Metro Weekly

Death Unbecomes Her

'Over Her Dead Body' delivers exactly what you'd expect. So long as your expectations are really, really low

Perhaps everyone who goes to see Over Her Dead Body will leave the theater believing themselves psychic, because it’s impossible not to see every plot development coming before it happens. Without real twists and turns — more gentle bends in the movie road — the film delivers exactly what you’d expect. So long as your expectations are really, really low.

The movie is heavily billed as a major vehicle for Desperate Housewives star Eva Longoria Parker. And desperation is an unfortunately apt word to use when considering that she chose this clunker to star in.

Langoria (left)
Eva Langoria Parker (left)

Longoria Parker plays Kate, the epitome of bridezilla — she’s more terrifying than any creature that ever destroyed New York. She’s so horrible, when finance Henry (Paul Rudd) stops her and tells her to relax, you want to shake him and say, ”What the hell are you thinking? Don’t marry her!” Thanks to a large ice sculpture, which may or may not be an angel (one of the film’s many unfunny running jokes), Kate dies before she becomes a housewife to Henry. True to her shrewish nature, Kate manages to piss off the welcome wagon angel so much that she misses out on the afterlife orientation.

Meanwhile, back on earth, Henry doesn’t realize how lucky he is to have dodged the bullet of marrying Gabby. I mean Kate. Because Kate’s scheming, shallow, self-absorbed persona is nothing like Longoria Parker’s role of the scheming, shallow, self-absorbed Gabby on Desperate Housewives. Except it’s exactly the same. In fact, everything in the movie is something you’ve seen before.

Henry’s sister Chloe (Lindsay Sloane) convinces him to see a psychic in order to gain closure on his previous relationship. The psychic in question is Ashley (Lake Bell), who happens to be a caterer on side and has a heart of gold. While it’s never explicitly revealed whether Ashley truly believes that she has the sixth sense, her shock at seeing Kate, who starts haunting her to stay away from Henry, makes it seem like it was a scam.

As with any romantic comedy, hilarity is supposed to ensue when Kate tries to sabotage things and Ashley becomes even more resolved to win Henry over. The poor guy, he’s just a magnet for crazy. But the jokes are old and tired and the lack of chemistry between any of the actors is astonishing.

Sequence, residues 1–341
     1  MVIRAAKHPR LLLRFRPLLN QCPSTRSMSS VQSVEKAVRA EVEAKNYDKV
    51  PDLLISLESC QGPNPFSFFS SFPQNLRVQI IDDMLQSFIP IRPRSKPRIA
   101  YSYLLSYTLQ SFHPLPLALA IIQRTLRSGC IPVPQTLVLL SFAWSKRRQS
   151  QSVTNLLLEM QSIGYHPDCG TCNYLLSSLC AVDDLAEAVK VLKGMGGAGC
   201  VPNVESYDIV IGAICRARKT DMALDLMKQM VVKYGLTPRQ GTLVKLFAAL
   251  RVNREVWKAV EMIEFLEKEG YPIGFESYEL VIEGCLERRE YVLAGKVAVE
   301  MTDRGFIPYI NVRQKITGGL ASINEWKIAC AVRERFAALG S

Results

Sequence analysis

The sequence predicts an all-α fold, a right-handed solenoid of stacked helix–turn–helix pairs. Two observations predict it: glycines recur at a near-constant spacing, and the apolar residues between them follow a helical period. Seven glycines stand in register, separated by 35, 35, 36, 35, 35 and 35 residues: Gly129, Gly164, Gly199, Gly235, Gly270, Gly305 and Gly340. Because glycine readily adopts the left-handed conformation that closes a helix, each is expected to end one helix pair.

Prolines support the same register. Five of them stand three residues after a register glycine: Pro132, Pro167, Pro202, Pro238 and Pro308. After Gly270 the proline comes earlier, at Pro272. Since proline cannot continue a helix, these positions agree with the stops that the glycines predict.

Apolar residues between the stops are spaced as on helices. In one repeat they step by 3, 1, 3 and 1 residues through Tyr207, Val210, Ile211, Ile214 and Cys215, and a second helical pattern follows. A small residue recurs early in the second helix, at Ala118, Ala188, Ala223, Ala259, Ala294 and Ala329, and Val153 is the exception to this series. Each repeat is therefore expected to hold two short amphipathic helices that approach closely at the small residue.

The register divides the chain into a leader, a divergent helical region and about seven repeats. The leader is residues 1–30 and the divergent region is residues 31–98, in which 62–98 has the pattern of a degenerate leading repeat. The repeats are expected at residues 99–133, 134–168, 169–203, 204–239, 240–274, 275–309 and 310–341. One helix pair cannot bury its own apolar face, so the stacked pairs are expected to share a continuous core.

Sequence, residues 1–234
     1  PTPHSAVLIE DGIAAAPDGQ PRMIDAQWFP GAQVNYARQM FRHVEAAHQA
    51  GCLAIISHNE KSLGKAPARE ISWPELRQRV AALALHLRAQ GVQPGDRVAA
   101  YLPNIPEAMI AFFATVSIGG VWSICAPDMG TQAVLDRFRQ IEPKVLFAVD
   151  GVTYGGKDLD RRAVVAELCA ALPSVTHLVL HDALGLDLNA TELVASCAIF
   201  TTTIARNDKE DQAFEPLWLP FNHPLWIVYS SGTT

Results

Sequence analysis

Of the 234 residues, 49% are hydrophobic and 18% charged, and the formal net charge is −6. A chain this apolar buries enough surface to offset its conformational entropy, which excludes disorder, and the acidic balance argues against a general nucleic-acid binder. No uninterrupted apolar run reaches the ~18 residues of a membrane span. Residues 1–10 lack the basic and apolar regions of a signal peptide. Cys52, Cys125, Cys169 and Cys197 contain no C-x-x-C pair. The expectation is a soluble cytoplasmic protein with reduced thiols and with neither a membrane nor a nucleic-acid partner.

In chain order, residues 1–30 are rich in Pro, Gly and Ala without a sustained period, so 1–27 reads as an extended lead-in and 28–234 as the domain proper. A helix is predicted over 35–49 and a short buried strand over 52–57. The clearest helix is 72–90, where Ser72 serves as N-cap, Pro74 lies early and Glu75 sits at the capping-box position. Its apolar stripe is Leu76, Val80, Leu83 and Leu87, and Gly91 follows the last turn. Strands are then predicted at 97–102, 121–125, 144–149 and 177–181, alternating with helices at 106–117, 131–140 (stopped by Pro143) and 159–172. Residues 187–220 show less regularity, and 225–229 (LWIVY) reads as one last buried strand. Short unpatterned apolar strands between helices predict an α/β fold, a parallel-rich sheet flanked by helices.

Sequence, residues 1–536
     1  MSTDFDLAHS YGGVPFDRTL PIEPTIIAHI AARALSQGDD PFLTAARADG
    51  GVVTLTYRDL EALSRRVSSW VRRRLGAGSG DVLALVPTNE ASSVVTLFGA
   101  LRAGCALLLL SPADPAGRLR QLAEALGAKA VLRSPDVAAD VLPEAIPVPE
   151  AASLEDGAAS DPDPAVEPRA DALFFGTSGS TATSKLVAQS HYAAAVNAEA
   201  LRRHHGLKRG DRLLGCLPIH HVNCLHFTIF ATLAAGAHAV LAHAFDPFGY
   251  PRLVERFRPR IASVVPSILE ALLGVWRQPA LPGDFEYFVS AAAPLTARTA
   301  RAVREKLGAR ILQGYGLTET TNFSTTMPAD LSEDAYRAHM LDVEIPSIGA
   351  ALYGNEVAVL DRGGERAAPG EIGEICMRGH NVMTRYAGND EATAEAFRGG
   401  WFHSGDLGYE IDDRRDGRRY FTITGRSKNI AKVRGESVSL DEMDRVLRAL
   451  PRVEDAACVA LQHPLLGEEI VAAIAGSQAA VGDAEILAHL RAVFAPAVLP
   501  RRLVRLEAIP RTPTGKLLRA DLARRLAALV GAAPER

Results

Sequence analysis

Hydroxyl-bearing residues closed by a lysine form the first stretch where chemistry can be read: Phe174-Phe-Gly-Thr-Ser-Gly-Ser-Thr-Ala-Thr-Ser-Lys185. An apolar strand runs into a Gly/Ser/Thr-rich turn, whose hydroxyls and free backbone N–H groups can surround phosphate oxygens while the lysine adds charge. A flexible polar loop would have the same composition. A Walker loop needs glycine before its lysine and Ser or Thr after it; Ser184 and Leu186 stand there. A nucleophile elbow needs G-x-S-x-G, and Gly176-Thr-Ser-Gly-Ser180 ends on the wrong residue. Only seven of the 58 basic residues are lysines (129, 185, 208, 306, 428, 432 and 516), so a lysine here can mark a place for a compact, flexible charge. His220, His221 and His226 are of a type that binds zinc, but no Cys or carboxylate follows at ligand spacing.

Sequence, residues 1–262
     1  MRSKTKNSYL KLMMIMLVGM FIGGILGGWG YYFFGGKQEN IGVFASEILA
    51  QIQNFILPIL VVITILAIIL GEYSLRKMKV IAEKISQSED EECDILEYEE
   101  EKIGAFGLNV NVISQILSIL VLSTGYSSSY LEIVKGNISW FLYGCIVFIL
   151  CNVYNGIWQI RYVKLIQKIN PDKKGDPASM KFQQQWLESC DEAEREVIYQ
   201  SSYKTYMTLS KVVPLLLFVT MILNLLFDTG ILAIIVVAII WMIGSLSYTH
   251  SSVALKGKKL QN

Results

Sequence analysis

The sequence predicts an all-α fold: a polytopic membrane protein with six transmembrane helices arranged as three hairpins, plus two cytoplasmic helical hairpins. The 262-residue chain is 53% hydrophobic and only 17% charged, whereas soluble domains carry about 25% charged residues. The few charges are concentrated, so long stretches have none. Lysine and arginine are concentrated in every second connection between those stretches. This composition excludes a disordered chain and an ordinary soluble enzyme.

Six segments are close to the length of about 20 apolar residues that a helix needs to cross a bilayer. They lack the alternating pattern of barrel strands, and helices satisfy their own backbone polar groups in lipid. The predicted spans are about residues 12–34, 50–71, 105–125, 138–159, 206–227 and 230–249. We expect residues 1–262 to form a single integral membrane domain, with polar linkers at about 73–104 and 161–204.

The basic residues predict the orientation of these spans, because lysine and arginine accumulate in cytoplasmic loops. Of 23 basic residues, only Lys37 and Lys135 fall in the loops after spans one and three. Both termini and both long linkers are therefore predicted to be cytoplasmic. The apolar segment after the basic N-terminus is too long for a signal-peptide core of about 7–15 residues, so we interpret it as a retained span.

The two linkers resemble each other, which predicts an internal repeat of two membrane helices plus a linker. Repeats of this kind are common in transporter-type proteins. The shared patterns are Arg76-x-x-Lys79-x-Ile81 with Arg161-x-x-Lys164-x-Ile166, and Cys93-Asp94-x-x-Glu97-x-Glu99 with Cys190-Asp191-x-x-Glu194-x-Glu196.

Writer and director Jeff Lowell has pieced together a film with gaps big enough to drive a Mack Truck through with an end result that’s more awkward than a teenage boy at his first high school dance. The various skits that amount to each scene are sewn together to resemble a creature akin to Frankenstein’s monster. When in doubt or needing a transition, Lowell throws in a scene in which Kate pulls one over on Ashley, only possible since Ashley’s short-term memory is equivalent to that of a goldfish.

Starring Eva Longoria Parker, Paul Rudd, Jason Biggs
Rated PG-13
95 Minutes
Area Theaters

Jason Biggs makes an appearance as Ashley’s gay best friend and catering partner, though he’s helpless in the kitchen and gives advice that goes unheeded. Biggs’ attempts at playing gay include an earring, a little necklace and constant reminders from Ashley that he’s gay. Though I’m revealing a huge plot point, it’s too insulting and ridiculous not to mention that Biggs’s character eventually outs himself as straight. It was all a misunderstanding and he’s actually in love with Ashley. Though it’s mildly amusing to listen to him rant about how hard and expensive it is to be gay, it’s really just the final, fatal tipping point in a movie already teetering on the edge.

There is nothing new in Over Her Dead Body, except maybe different faces. Going through movie history, the multitude of other ”back from the dead” stories is plentiful: Ghost. Hello Again. All of Me. Heaven Can Wait. Down to Earth. Just Like Heaven. Death Becomes Her. The list goes on and on and on.

See any of these films instead of Over Her Dead Body. They’re time on earth far better spent.